investigation did find inconsistencies regarding the development,
promulgation, and dissemination of interrogation techniques. These techniques"
migrated" from Guantanamo Bay to Afghanistan, and then to Iraq,
the report stated.
The Church report stated that "behavioral science personnel"
assisted in interrogations.
"[I]t is a growing trend in the Global War on Terror for behavioral
science personnel to work with and support interrogators," the report
stated. "These personnel observe interrogations, assess detainee
behavior and motivations, review interrogation techniques, and offer advice to
interrogators. This advice can be effective in helping interrogators collect
intelligence from detainees; however, it must be done within proper
"We found that behavioral science personnel were not involved in
detainee medical care (thus avoiding any inherent conflict between caring for
detainees and crafting interrogation strategies) nor were they permitted
access to detainee medical records," the Church report concluded."
However, since neither the Geneva Convention[s] nor U.S. military
medical doctrine specifically addresses the issue of behavioral science
personnel assisting interrogators in developing interrogation strategies, this
practice has evolved in an ad hoc manner."
More recently, a report in the July 7 New England Journal of
Medicine stated that a psychiatrist and a psychologist had each headed
Behavioral Science Consultation Teams (BSCT, pronounced "biscuit")
to assist interrogators in questioning Guantanamo detainees.
"BSCT consultants prepared psychological profiles for use by
interrogators," according to article. "They also sat in on some
interrogations, observed others from behind one-way mirrors, and offered
feedback to interrogators."
Moreover, the journal report stated—in a contradiction to the Church
report—that BSCT teams did have access to medical records.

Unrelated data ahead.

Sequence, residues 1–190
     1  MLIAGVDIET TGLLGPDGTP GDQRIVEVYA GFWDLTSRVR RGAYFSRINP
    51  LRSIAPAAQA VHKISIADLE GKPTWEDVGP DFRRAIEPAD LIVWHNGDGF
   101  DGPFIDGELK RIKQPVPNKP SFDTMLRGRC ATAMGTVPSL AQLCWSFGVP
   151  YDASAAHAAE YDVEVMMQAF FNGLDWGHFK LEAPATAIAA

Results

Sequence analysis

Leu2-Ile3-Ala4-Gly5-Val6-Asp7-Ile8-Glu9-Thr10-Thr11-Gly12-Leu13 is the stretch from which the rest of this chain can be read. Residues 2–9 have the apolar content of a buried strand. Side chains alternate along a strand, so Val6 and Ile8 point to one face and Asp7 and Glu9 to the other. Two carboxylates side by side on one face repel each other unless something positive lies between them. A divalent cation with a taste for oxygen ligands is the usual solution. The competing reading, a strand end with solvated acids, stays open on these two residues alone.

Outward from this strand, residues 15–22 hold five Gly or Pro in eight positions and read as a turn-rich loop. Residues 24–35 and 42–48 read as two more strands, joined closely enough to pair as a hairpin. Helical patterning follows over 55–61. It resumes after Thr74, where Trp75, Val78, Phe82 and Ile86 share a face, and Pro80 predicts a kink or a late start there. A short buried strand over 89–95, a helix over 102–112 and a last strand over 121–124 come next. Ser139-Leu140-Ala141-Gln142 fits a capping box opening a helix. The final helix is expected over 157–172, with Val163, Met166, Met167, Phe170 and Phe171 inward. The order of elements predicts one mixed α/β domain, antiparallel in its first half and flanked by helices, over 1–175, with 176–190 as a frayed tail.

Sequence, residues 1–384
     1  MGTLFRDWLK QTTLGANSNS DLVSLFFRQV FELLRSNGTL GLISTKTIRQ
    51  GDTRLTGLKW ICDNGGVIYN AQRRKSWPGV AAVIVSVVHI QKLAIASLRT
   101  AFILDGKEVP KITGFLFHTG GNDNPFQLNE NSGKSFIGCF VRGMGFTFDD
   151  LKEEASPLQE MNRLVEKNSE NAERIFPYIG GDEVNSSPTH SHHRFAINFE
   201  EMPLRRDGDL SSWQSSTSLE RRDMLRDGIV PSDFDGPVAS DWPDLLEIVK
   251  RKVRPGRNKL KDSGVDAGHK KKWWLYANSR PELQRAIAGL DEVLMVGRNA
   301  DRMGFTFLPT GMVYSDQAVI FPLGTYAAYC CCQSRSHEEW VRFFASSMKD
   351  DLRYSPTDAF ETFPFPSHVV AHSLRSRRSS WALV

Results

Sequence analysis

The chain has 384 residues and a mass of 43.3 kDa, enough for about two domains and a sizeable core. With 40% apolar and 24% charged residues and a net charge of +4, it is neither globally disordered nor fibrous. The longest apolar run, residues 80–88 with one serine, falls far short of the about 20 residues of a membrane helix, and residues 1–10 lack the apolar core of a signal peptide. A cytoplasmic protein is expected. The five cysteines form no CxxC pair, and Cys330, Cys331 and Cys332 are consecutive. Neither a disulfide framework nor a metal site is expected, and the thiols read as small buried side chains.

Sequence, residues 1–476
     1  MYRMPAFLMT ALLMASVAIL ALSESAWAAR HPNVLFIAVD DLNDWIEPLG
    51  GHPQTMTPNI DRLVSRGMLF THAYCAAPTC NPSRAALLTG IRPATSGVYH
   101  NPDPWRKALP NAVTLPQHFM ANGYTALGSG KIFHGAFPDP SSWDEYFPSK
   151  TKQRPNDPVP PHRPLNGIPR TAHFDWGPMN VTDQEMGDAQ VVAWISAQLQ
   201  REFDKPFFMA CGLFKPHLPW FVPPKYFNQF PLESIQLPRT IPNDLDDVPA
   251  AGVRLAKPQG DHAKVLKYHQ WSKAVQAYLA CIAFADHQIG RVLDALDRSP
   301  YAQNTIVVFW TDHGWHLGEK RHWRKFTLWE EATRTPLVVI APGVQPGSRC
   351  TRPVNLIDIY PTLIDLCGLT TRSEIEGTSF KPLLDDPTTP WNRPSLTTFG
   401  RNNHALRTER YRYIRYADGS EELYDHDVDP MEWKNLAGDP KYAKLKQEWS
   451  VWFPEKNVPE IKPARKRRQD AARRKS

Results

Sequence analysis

"An internal, May 24, 2005, memo from the Army Medical Command,
offering guidance to caregivers responsible for detainees, refers to the
`interpretation of relevant excerpts from medical records' for the purpose of
`assistance with the interrogation process,' " said the journal article."
The memo, provided to us by a military source, acknowledges this
nontherapeutic role, urging health professionals who serve in this capacity to
avoid involvement in detainee care, absent an emergency. This acknowledgment
is consistent with other accounts of information flow from caregivers to
behavioral science consultants to interrogators."
APA leaders say the issue is fraught with implications for medicine
"From a broader perspective, physicians in general retain the trust
of the general population because of a perception that they are committed to
the well-being of their patients," Appelbaum said. "We always need
to think carefully about other nonpatient care roles and whether they so
compromise that perceived allegiance to patients' interests that they ought
not to be considered legitimate."
At the same time, the ethics of psychiatric participation in interrogation
of detainees who may have information vital to the security of the nation are
"I am unprepared to say that in a situation of great consequence, a
psychiatrist who might have some ability to help our military should claim
some ethical obligation that transcends all other obligations," said
Alan Stone, M.D., a past APA President and current member of the Committee on
Judicial Action. "There could come a time when I thought a person knows
something, and I could help find out what that is. I would certainly think it
strange for me to rest on an ethical principle when there is so much greater
harm [at stake]."
Stone, a professor of law and psychiatry at Harvard, has written
extensively about issues related to the misuse of psychiatry. He said the
issue of psychiatric involvement in nonpatient care roles has surfaced
before—as in the case of clinicians who provide the government"
profiles" of foreign leaders—but the professional and
ethical boundaries of such conduct have not been clarified.
The current controversy about Guantanamo interrogations adds the dilemma of
determining when psychological pressure turns into torture. "These are
issues that psychiatry hasn't faced up to or resolved," Stone said.
The American Psychological Association has issued detailed guidelines on
the subject that allow for the involvement of psychologists in interrogations
Appelbaum noted that in contrast to psychiatry, psychology has a history of
participation in a range of nontherapeutic functions and that there are
distinct differences between the two professions.
"It's fair to say that psychology and psychiatry have a different
ontogeny," he said. "Psychology has historically played many roles
other than direct patient care, including consulting to organizations and
businesses and the like, to a much greater extent than psychiatry has. So
practices that we might as physicians find more problematic may seem
acceptable to psychologists who are coming from this alternative